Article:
Do you…

… run a math center, math club, math circle, or other math program which people attend by choice, and at which something other than tutoring and/or homework help is provided?

… homeschool, and have exciting ideas about how kids learn math?

… do new sorts of work helping people learn math through the web?

… have ideas about how to integrate these experiences into public school classrooms, or public policy perspectives?

If you do, perhaps you’d like to add a chapter to Joyful Math: Learning Outside the Classroom, and In.

Why this anthology is needed:

Math is seldom taught well in American schools, and most people end up quite uncomfortable with it. Throughout the history of public education in this country math has troubled most students. Is it different in other countries? Can it be different here?

A number of ground-breaking projects have sprung up over the last decade, with this common thread – most are happening outside the traditional classroom setting. This anthology will include exciting reports from the frontlines of what its editor thinks of as the “joyful math movement”, and will help parents, teachers, and math enthusiasts everywhere think more clearly about how to help students learn math.

We already have an exciting core group of authors, including Julie Brennan (host of Living Math Forum and livingmath.net), Maria Droujkova (naturalmath.com), Amanda Serenevy (riverbendmath.org), and the published authors Robert and Ellen Kaplan (Out of the Labyrinth: Setting Mathematics Free). Now we need to find more voices. Please send this call for submissions along to all lists, groups, blogs, wikis, sites, etc, where people doing projects like these might see it.

How to join in the fun:

If you have something to add to this anthology, we’d like to hear from you. Please give enough detail to make your unique perspective clear, and write your proposal in the same style you’d use in a chapter you’d submit later. Or simply send a first draft of your proposed chapter. Send proposals, questions, and requests for more information to Sue VanHattum at mathanthologyeditor at gmail.com. Deadline for proposals: May 30, 2009. Tentatively accepted contributors will be notified by June 30; chapters will be due by September 30, 2009.

Some questions for contributors:

• Describe your project. Tell stories from daily experiences. Also tell what you’ve learned from this experience. Have you had ‘aha!’ moments?

• What hurdles have you overcome in this project? How has your vision for what you’re doing changed over time?

• In an ideal world, how could public schools use your ideas/practices?

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It's great to have this link to maths outside the classroom.

ReplyDeleteMe? I'm fully immersed in "the system" and do what I can to set kids free by working to increase their awareness of the "school game" and to provide as much hands on, interesting, "test free" mathematics as I can.

My passion is to help kids get their learning headpsace outside the four walls of a classroom and free of the tether to the "expert at the front".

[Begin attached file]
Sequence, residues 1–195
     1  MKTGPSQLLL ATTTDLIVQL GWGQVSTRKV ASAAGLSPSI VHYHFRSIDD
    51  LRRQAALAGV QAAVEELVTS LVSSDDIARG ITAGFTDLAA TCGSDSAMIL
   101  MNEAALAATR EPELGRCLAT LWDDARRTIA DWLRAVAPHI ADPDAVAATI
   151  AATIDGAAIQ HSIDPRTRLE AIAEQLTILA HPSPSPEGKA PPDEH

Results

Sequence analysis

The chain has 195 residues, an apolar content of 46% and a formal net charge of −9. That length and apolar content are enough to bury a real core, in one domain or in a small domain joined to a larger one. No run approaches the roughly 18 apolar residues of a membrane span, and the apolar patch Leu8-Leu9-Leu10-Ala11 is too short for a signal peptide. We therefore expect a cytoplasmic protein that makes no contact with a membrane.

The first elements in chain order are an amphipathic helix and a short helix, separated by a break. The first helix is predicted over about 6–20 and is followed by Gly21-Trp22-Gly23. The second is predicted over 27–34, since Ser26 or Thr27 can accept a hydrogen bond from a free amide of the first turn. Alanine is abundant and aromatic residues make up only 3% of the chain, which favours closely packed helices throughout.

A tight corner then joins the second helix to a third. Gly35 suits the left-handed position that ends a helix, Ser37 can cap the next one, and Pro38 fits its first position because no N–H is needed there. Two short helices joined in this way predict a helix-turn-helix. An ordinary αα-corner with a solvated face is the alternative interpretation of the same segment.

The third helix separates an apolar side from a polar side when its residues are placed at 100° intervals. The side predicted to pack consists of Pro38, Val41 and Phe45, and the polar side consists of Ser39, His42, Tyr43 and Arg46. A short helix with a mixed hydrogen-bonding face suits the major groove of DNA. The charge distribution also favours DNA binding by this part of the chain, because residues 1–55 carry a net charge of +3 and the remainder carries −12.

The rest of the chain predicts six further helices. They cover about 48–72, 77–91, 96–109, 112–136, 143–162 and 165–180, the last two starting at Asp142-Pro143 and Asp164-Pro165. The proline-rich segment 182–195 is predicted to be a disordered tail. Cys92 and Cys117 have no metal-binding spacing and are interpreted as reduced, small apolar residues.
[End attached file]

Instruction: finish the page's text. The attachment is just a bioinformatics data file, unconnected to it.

Its a hard row to hoe and its good to know that there are like minded folk working on the outside. I'll follow your bog with interest.

Thanks for your comment. You're my first visitor, if you don't count the friends I invited over. How'd you find me?

ReplyDelete(I just posted a comment on your blog.)

FAQ (to be revised as more questions are frequently asked) ;>

ReplyDeleteQ#1. What length do you want?

A#1. First, what matters most is the depth. I’d like each chapter to say something important, be clear and concise, and use good details from the author’s experience.

Second, I believe fiction anthologies use length limits to keep the pacing smooth. And magazines have a particular number of pages to fill. We can be more flexible. I don’t expect the chapters in this nonfiction anthology to be similar to each other in length or style. The concepts and values we share will pull it all together.

I hope to include a few already published pieces. One is 1,000 words and another is 10,000 words. I expect most submissions will be between those two in length. If you have one point to make, try for the short end of the spectrum. If you’re describing more than one issue, perhaps you’ll need to write a longer piece, or write two chapters.

I hope this helps, but feel free to show me a rough draft and I can make length suggestions then.

Q#2. What sorts of math?

ReplyDeleteA#2. This is not a book that does math, rather it explores projects in which people are learning math in exciting new ways. Of course there will inevitably be bits and pieces of math in the book, as part of people’s explanations of what they do, and there will be a rich annotated bibliography that describes many good books that focus on the math itself.

I got lots of folks interested when I attended the Great Circles conference at MSRI, and I hope to get a few more at the conference I'm attending there today and tomorrow.

ReplyDeleteThe anthology now has plenty of good authors, so I'm mainly looking to fill particular holes.

10 more days until the semester is over, and I get to start doing some serious research. And I got my sabbatical, so this will be my main work for the next year. Yeeha!